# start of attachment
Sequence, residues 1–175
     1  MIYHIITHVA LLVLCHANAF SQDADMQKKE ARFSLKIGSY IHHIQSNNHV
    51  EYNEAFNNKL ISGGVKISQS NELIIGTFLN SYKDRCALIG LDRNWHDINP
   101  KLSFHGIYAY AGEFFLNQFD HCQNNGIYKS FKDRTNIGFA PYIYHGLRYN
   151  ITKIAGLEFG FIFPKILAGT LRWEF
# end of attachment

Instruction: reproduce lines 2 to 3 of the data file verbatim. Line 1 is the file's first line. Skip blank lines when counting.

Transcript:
     1  MIYHIITHVA LLVLCHANAF SQDADMQKKE ARFSLKIGSY IHHIQSNNHV
    51  EYNEAFNNKL ISGGVKISQS NELIIGTFLN SYKDRCALIG LDRNWHDINP